Although we won't see the first ARM Cortex A15 based designs until the second half of next year, and even then only on 28/32nm processes, ARM and design tools supplier Cadence have announced the first tape-out of a 20nm Cortex A15 based test chip. Tape out signals the end of an overall design phase and the release of the design to the foundry for manufacturing. The Cortex A15 is expected to be a significant step forward for ARM, bringing its designs further up the chain into the low-end x86 notebook market in addition to current smartphone/tablet targets. Cortex A15 based designs will also go head to head with Qualcomm's Krait based Snapdragon S4

The test chip will be fabbed at TSMC on it's next-generation 20nm process, a full node reduction (~50% transistor scaling) over its 28nm process. With the first 28nm ARM based products due out from TSMC in 2012, this 20nm tape-out announcement is an important milestone but we're still around two years away from productization. 

Source: Cadence

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  • gradjoh - Tuesday, October 18, 2011 - link

    Nice to see Cadence get a place in the spot light, usually nobody pays attention to the cutting edge software that makes the design of these chips even possible. Reply
  • bravomail - Tuesday, October 18, 2011 - link

    As iPhone 4S showed compared to iphone 4 - there is not much difference in day-to-day tasks now. But battery life could be improved on some Android phones, LTE phones - you name it. Reply
  • Wolfpup - Tuesday, October 18, 2011 - link

    Are you kidding?!? A8 is DIRT SLOW. Dual core A9 is at least kind of tolerable, and feels 900,000,000x faster than an A8. Reply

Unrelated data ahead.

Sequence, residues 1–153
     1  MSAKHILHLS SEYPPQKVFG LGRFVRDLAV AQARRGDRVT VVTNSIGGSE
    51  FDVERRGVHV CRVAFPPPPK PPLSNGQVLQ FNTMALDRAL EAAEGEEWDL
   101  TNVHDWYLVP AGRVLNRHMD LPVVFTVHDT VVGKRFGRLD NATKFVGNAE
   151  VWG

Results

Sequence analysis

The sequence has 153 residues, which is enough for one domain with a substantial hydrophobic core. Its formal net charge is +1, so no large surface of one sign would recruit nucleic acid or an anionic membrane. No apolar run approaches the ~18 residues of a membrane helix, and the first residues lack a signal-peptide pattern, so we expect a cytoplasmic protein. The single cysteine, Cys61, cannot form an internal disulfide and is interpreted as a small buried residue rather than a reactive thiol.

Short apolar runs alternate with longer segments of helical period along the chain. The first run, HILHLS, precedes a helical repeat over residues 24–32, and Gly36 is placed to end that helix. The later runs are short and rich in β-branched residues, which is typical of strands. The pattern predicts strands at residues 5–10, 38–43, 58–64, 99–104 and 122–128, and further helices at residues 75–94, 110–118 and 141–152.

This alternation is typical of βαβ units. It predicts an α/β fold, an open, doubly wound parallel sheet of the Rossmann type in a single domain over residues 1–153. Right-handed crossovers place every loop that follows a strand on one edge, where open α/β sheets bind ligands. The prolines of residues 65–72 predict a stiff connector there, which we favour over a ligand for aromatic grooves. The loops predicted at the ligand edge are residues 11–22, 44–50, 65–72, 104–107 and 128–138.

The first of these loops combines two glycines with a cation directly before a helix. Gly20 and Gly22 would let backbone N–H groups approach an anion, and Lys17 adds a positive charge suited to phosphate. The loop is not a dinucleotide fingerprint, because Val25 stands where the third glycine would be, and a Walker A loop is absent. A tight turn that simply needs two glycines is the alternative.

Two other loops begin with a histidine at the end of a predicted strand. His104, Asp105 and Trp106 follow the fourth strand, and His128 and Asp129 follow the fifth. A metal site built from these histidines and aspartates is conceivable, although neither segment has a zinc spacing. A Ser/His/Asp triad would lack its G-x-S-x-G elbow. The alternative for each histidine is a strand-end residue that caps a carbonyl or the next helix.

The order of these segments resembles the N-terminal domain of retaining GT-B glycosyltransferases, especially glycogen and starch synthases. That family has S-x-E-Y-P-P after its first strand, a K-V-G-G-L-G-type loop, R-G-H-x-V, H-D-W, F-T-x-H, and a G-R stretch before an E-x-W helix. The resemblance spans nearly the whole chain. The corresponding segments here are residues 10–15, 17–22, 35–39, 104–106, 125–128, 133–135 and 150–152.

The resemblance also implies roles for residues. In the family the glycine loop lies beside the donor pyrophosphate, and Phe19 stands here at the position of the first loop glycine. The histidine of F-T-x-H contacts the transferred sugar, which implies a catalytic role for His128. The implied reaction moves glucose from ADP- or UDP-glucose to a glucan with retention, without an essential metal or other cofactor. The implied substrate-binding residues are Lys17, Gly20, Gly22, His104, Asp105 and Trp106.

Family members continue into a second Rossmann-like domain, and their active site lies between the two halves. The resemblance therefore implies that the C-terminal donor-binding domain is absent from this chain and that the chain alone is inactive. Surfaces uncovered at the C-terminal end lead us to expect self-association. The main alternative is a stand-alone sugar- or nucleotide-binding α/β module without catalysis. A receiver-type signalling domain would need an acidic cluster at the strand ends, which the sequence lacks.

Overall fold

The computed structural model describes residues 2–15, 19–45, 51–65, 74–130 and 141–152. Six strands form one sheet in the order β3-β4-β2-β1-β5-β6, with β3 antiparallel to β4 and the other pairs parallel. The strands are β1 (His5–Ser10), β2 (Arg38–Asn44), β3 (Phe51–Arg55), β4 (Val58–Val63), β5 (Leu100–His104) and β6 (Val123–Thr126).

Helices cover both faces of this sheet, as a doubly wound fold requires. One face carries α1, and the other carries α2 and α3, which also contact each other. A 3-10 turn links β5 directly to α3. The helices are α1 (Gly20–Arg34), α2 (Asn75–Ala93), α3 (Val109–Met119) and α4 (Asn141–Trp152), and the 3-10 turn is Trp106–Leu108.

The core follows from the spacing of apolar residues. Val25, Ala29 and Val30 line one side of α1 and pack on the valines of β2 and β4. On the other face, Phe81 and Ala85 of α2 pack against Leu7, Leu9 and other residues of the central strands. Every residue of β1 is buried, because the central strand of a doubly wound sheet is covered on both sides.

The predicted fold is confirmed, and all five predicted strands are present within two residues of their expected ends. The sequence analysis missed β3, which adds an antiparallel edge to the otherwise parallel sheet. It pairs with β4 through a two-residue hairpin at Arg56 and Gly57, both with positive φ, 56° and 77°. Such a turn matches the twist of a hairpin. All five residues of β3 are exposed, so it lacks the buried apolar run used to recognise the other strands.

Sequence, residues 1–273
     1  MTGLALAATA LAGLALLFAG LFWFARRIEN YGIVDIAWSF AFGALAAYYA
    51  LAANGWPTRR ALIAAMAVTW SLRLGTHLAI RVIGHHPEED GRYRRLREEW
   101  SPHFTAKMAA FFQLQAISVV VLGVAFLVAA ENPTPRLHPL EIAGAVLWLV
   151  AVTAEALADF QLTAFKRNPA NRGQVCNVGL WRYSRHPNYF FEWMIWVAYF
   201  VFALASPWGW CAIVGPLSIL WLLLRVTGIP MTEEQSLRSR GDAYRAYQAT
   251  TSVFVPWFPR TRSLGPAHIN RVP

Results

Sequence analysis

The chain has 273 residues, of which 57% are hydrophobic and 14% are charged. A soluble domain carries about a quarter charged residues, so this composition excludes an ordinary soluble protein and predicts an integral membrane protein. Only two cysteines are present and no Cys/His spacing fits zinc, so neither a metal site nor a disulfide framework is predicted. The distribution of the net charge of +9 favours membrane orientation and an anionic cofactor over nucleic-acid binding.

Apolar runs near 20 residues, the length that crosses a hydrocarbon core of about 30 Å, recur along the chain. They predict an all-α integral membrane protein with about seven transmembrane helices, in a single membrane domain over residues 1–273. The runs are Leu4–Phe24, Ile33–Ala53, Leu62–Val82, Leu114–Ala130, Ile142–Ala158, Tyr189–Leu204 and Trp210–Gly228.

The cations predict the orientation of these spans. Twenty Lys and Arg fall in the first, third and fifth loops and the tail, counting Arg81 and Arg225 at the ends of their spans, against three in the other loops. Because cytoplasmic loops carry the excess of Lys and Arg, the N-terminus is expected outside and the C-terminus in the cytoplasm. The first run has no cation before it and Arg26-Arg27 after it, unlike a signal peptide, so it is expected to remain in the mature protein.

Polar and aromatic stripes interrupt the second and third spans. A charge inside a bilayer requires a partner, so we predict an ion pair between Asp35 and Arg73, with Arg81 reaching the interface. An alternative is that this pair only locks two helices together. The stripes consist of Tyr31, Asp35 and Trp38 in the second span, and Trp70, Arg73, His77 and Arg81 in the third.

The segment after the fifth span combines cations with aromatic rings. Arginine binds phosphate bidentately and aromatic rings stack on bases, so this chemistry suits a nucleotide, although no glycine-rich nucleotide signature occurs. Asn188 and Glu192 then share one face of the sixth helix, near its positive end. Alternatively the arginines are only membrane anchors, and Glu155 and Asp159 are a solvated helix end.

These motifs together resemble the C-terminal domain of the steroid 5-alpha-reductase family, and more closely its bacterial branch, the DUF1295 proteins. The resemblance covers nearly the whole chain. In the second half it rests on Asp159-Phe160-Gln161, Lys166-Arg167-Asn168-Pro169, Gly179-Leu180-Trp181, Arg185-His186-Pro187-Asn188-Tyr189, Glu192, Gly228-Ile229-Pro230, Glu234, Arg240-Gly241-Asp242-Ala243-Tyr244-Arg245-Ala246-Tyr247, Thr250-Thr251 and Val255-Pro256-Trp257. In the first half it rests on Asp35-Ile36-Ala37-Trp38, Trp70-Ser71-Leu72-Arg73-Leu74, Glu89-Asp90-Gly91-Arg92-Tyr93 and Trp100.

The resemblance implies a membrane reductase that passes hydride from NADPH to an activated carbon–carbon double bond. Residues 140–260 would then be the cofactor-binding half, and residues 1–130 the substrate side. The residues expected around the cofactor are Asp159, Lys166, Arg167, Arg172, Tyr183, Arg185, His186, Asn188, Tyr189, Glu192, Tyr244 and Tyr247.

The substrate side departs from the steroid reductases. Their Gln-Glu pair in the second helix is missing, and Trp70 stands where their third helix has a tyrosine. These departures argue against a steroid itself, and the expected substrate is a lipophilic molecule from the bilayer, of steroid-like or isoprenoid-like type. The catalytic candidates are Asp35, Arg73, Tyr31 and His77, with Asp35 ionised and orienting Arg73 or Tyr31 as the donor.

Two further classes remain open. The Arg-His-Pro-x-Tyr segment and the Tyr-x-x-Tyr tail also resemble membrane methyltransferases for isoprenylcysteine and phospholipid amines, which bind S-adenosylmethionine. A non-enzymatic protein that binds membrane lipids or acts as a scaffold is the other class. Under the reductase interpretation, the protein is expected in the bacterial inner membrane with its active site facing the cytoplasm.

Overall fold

• gevorg - Tuesday, October 18, 2011 - link

    Will this quad-core 20nm A15 chip be fast enough to run OS X? I'm wondering if in two years or so, Apple will be able to merge their desktop and mobile OS into one. Reply
  • Gauner - Tuesday, October 18, 2011 - link

    Not yet and not for 3 or 4 years at least.

    It could run a specially designed version of OSX(much in the same way windows 8 can run in a cortex a9), but it would not count as convergence yet since it would still be very limited.

    I dont think apple is going to do anything like that until you can at least open photoshop in it while you have a webbrowser and itunes on the background.
    Reply
  • B3an - Tuesday, October 18, 2011 - link

    Theres a better and more capable alternative called "Windows 8". It will be out sooner too. It even runs on current ARM CPU's. Reply
  • DanNeely - Tuesday, October 18, 2011 - link

    Not well. Quadcore A15 should be somewhere in the same ballpark as the atom; so while you probably could run lighter apps without trouble it'd still collapse under anything that needs real processing power. Reply
  • Hector2 - Tuesday, October 18, 2011 - link

    Well, I guess every baby step going forward is still a forward step. But, seriously, when is the last time anyone "announced" tapeout ? These days, maybe it'll be announced when silicon is produced, but obviously that's not going to happen with this. Normally, the immediate next step right after a tapeout is starting wafers. In this guess, starting 20nm wafers.

    Does ANYONE think they're starting 20nm wafers within even the next year ? Absolutely not. Ship a 20nm ARM processor for revenue in 4 years ? Yeah, right.

    I used to be a front end (wafer) product engineer after switching from design. It was my job to get masks built after tapeout and get wafers started. I've done this step many times.

    This was just a Cadence tool exercise, nothing more. They took an existing ARM design for a current process technology, did some simple shrinking of the CAD design, and Voila !, they taped out 20nm ! All it takes is compute resources.

    20nm ? They could have done the same thing for 5nm and it would mean just as much.
    Reply
  • jeremyshaw - Tuesday, October 18, 2011 - link

    So it's just a non-working die? Just a test pattern of sourts? Reply
  • DanNeely - Wednesday, October 19, 2011 - link

    It was probably a working die; but there's a long gap between the first working things you get on a process in the lab and when the process is ready for mass production. Reply

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